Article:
Sources:
Nature Communications. Carbonate-hosted methanotrophy represents an unrecognized methane sink in the deep sea
www.nature.com/articles/ncomms6094
Scientific American The Mystery of the Missing Molecules scientificamerican/journal/v319/n5/box/scientificamerican1118-32_BX1.html
(has more subsequent reactions)

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Science: Larger than Economics, Smaller than Life

A month ago, almost 40 years later, I decided to resume something I started in high school and memorized the entire periodic table, an entirely useless feat. It started in the 1970s as an extension of a chemistry course requirement. We had to know the names, symbols and atomic numbers of the first twenty elements. cell-asian-elephantSo I decided to carry it a little further. It would get attention from peers because I would use it at Sweet Sixteen parties as an alternative to walking a straight line to prove that I was not drunk.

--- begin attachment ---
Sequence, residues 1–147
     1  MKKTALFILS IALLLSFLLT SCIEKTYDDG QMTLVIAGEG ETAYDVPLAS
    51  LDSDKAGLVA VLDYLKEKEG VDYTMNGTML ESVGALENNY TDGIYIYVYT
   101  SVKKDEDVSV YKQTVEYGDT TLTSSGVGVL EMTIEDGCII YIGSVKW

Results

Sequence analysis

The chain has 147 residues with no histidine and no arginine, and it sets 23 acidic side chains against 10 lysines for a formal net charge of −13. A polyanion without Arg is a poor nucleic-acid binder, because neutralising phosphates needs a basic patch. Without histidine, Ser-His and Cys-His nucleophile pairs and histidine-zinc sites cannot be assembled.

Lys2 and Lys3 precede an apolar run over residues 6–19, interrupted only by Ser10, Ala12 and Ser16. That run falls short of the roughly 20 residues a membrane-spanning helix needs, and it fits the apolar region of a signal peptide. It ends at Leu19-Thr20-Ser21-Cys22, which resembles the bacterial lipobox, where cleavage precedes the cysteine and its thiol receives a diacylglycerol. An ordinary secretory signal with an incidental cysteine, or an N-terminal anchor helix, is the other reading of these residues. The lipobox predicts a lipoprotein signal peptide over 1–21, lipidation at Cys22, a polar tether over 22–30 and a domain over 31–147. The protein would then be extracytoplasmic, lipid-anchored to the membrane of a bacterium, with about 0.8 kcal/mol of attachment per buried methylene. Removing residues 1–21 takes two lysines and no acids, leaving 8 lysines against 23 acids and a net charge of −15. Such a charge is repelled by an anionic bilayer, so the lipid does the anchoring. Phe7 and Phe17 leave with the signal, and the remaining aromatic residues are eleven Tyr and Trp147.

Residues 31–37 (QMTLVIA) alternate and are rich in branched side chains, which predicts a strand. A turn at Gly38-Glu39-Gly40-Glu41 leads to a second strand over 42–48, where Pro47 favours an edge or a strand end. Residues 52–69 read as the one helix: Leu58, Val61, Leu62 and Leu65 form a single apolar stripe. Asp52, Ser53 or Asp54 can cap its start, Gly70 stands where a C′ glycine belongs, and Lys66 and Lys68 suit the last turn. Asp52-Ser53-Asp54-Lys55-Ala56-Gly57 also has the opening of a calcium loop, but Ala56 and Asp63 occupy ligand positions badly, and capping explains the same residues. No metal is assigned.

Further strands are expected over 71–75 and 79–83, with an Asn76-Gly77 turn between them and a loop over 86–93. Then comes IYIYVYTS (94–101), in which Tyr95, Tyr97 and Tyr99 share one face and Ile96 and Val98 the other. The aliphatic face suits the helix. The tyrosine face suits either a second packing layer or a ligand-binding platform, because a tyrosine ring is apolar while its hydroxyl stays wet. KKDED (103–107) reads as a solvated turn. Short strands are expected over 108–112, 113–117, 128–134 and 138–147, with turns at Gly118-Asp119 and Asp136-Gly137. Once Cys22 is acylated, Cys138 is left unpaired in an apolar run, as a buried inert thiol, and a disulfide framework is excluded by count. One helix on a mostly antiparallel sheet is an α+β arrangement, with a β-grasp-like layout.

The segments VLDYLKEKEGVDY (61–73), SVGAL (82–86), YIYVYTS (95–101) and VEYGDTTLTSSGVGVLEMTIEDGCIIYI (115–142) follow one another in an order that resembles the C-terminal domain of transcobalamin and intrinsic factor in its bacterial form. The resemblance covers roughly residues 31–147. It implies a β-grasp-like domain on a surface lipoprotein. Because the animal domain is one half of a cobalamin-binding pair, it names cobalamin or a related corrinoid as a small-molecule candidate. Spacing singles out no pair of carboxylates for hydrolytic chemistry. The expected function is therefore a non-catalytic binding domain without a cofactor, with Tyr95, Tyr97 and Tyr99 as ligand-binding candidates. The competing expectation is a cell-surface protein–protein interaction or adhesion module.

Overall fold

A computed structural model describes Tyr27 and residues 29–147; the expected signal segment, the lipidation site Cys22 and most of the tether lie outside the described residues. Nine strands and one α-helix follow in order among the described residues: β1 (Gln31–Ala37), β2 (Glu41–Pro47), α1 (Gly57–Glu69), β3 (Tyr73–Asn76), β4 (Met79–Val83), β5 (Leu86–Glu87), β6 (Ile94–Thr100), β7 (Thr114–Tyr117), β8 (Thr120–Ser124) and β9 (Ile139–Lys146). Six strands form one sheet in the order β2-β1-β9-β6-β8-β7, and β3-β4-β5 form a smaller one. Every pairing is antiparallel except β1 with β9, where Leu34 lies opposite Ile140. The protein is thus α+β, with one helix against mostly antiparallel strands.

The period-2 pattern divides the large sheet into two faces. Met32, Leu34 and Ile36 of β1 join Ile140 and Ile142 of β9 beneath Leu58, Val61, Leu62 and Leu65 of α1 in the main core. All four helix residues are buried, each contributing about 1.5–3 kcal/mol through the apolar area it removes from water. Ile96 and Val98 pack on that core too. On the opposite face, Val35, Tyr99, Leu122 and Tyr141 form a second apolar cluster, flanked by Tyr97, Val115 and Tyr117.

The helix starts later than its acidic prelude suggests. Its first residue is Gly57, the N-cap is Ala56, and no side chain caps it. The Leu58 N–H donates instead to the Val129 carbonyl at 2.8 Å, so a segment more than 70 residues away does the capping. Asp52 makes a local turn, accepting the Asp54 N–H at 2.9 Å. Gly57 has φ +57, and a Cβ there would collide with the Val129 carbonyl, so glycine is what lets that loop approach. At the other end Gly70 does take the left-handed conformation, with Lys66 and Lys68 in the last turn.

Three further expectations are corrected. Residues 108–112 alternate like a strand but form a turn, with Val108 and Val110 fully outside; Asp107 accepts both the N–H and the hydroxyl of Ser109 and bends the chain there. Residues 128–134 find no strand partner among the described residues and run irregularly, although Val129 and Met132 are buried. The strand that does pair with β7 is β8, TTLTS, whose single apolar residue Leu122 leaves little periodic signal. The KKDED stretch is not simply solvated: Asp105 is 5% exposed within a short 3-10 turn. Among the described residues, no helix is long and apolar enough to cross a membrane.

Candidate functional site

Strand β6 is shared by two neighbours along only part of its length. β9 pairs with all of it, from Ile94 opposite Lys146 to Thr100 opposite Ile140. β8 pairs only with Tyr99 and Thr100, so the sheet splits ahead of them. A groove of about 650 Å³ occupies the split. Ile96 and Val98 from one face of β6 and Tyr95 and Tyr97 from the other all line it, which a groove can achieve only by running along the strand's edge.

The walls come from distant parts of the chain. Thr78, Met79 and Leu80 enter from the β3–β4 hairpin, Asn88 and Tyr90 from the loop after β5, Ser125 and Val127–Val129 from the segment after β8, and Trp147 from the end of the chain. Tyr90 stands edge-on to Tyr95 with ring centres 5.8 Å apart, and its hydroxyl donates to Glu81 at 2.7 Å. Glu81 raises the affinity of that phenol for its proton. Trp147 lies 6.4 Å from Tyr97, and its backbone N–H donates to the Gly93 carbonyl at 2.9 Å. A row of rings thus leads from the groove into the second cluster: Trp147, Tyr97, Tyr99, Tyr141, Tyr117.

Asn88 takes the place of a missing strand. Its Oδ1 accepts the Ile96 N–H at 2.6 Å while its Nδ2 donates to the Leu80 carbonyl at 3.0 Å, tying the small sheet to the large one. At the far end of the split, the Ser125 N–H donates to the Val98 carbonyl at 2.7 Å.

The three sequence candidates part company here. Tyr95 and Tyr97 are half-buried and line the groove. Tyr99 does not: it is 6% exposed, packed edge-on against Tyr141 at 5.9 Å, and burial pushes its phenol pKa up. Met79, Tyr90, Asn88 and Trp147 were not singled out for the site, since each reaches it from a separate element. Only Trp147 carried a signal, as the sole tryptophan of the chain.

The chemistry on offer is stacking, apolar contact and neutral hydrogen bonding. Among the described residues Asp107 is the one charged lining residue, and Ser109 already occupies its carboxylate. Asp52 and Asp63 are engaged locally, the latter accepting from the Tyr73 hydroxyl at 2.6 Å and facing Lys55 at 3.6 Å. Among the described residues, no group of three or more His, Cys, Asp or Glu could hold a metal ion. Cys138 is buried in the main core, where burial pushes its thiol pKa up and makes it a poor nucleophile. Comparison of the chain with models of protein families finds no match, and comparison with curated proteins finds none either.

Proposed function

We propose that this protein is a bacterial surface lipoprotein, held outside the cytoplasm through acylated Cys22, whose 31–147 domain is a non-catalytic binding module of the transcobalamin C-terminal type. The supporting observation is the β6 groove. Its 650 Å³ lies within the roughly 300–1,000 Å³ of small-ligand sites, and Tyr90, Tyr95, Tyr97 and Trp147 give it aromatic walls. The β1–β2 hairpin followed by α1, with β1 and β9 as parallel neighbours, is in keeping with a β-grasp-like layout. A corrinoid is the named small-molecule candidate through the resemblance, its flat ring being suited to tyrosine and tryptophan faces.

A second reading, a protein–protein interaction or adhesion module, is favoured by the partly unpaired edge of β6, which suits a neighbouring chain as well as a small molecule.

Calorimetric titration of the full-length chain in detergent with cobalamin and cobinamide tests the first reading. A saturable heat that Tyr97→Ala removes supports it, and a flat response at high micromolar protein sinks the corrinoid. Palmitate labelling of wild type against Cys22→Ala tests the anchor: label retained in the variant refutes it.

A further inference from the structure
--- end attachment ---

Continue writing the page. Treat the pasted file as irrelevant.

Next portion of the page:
Years later after some elements had disappeared from memory, reciting just the first 70 still impressed my high school kids. Yet now it’s not to impress them a little more that I learned the rest. It’s because for me there’s a good feeling that comes out of it. Why? Some of the mnemonics I use are quirky and somewhat creative.  A few are based on things I’ve learned gradually about the elements and their relationships. Our brains have an affinity for things that are related to previously stored facts and concepts. It’s why some of us recall names and statistics of professional athletes of the present, adding to the bank of even more useless information of the past.